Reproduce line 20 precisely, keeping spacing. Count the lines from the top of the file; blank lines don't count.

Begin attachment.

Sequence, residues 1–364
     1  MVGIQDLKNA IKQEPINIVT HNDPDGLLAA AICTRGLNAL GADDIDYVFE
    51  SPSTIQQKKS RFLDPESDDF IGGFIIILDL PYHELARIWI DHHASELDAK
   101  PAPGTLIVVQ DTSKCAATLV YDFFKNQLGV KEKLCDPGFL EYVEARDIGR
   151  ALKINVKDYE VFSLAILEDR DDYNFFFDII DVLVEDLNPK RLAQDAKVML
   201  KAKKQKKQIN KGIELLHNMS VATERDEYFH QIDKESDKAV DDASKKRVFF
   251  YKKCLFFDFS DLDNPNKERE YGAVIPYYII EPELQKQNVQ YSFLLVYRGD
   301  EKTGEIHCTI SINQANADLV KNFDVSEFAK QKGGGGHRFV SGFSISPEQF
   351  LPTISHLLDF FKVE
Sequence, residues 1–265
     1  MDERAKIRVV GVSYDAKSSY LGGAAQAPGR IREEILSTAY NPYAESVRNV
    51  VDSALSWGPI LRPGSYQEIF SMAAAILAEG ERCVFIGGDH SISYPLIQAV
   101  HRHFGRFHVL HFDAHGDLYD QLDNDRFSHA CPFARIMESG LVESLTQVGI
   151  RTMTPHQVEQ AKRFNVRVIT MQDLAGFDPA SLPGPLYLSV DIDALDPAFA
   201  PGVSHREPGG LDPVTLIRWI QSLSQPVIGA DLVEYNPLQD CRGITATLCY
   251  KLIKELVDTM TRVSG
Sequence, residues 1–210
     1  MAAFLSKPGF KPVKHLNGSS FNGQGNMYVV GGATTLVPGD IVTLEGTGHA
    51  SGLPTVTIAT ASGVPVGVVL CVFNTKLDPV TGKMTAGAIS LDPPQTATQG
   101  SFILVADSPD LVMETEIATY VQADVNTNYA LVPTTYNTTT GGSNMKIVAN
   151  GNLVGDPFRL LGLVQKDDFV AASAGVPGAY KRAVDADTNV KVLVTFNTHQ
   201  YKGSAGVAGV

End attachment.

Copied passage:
   101  SFILVADSPD LVMETEIATY VQADVNTNYA LVPTTYNTTT GGSNMKIVAN